HCFA developing standards for treating deaf patients

The Health Care Financing Administration (HCFA) is developing standards of care for providing health care services to the deaf and hard of hearing, according to a presentation at the annual conference of the American Public Health Association in March.

David Boan, MD, and colleagues at Delmarva Foundation for Medical Care in Easton, MD, have been working with Gallaudet University in Washington, DC, to draft a set of standards, guidelines, and recommendations.

The standards will state that the provider and/or health care organization should be responsible for ensuring that communication does not create a barrier to the equal access to services, he says. Also, providers should be familiar with interpreters and how to acquire and assess their services, as well as assistive technologies.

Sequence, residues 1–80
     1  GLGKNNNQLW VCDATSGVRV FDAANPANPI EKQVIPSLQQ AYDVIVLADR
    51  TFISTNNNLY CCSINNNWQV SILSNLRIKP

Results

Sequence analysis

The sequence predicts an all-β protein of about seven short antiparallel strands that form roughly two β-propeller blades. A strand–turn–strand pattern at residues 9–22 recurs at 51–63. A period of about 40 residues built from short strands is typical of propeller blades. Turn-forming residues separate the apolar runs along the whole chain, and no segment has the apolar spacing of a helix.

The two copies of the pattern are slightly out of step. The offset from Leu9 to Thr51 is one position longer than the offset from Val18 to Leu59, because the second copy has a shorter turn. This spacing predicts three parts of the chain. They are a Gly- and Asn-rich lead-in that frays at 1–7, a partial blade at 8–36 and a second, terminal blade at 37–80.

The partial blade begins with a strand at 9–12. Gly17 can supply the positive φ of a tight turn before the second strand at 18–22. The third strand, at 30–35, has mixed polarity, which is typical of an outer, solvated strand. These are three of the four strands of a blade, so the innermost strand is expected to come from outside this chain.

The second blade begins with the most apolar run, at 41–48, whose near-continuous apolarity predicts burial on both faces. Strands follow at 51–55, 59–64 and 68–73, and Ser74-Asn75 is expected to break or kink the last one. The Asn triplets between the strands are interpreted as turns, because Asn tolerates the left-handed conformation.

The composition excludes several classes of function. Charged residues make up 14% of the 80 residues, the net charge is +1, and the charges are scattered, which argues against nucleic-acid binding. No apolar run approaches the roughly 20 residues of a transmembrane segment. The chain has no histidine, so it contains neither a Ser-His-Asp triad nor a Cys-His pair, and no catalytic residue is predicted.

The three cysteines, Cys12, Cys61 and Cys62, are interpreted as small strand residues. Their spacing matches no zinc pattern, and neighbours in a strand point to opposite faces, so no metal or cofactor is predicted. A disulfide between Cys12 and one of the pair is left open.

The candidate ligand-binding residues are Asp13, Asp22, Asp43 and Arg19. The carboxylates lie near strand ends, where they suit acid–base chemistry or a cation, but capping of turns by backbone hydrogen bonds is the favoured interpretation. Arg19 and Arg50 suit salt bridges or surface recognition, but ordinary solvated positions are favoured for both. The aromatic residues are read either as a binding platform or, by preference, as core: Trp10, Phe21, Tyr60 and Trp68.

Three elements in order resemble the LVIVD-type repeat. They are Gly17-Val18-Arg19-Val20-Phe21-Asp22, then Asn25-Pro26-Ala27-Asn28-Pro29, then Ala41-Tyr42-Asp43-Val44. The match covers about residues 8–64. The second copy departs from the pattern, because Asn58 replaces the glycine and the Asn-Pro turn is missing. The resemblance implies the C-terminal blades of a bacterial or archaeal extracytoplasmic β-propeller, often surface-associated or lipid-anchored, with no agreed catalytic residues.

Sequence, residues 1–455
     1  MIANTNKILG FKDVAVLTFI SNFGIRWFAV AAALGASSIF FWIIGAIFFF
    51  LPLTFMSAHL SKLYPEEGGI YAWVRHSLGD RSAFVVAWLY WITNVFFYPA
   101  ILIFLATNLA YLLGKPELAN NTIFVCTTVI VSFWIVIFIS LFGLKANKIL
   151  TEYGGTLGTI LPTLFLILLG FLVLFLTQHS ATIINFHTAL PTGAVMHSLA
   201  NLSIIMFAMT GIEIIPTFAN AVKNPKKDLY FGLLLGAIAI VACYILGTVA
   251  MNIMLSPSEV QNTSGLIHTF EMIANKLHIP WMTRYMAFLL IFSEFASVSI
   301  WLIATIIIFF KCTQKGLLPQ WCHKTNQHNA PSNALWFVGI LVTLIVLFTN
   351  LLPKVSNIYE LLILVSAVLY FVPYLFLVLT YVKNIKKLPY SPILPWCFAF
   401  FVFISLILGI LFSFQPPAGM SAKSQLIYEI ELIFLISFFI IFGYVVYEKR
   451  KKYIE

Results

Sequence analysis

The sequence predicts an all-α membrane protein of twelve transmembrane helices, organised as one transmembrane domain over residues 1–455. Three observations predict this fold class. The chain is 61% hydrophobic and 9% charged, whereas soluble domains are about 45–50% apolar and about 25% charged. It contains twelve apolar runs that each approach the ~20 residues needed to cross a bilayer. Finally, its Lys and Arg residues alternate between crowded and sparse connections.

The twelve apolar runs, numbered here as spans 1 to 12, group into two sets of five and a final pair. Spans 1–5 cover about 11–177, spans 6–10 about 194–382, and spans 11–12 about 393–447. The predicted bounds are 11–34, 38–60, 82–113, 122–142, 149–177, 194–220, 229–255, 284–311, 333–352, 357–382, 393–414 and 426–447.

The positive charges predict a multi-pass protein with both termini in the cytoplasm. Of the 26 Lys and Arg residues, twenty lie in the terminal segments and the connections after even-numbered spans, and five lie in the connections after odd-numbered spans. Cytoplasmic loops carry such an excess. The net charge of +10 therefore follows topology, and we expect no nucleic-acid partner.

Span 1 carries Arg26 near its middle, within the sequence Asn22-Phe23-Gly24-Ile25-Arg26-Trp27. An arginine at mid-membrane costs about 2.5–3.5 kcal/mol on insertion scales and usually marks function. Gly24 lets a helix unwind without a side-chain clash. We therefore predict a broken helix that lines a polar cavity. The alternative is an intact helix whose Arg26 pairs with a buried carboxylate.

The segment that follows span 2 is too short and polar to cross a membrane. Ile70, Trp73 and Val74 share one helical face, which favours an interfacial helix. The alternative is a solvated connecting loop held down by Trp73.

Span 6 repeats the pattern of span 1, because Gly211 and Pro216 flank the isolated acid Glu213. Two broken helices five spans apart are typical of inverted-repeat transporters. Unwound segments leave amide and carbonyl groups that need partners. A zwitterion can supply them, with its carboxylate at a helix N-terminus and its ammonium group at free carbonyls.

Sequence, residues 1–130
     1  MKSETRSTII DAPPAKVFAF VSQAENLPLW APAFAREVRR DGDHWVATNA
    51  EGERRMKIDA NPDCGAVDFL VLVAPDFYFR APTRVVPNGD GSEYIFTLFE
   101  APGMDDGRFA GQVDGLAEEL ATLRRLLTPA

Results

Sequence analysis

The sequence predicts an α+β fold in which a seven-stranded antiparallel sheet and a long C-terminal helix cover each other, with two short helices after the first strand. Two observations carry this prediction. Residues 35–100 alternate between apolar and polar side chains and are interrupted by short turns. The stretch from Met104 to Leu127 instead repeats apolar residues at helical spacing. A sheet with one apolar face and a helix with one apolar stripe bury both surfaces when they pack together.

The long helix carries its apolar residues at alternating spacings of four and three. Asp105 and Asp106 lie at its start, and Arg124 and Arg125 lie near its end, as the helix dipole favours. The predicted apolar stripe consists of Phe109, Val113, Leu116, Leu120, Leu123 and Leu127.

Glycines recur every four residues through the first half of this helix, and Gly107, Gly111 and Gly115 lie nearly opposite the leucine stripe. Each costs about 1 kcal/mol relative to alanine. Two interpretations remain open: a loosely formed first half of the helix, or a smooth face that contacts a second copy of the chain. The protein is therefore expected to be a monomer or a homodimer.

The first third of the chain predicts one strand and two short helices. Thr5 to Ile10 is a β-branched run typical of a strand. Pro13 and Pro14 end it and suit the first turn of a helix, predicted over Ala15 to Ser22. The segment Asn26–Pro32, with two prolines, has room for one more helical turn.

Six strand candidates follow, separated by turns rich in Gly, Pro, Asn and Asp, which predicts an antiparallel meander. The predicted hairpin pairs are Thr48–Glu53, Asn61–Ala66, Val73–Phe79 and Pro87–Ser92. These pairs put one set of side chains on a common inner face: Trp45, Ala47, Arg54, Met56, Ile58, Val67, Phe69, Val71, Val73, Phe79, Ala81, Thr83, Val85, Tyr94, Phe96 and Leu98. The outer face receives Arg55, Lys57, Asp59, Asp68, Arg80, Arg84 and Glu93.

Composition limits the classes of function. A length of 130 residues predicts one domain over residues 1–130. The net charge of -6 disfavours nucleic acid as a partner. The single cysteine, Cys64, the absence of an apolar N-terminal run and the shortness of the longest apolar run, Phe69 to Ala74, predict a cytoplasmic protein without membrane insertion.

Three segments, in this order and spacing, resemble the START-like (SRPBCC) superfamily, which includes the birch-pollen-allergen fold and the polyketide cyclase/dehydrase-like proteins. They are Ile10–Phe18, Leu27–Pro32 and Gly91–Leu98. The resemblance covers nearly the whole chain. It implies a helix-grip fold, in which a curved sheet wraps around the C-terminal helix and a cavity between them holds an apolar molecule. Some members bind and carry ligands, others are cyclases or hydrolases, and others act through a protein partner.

Boan also says providers should develop programs for educating deaf and hard-of-hearing consumers should include such topics as how to provide a clear medical history, appropriate use of emergency services and medications, and clear expression of needs.

Hospitals also should have interpreting services available on short notice, as well as accommodations that would include closed-caption TV and clear labeling of patient needs on the patient’s chart, he says.

HCFA’s entire proposal is available on the Internet at deafness.dfmc.org/resources/proposedguidelines.htm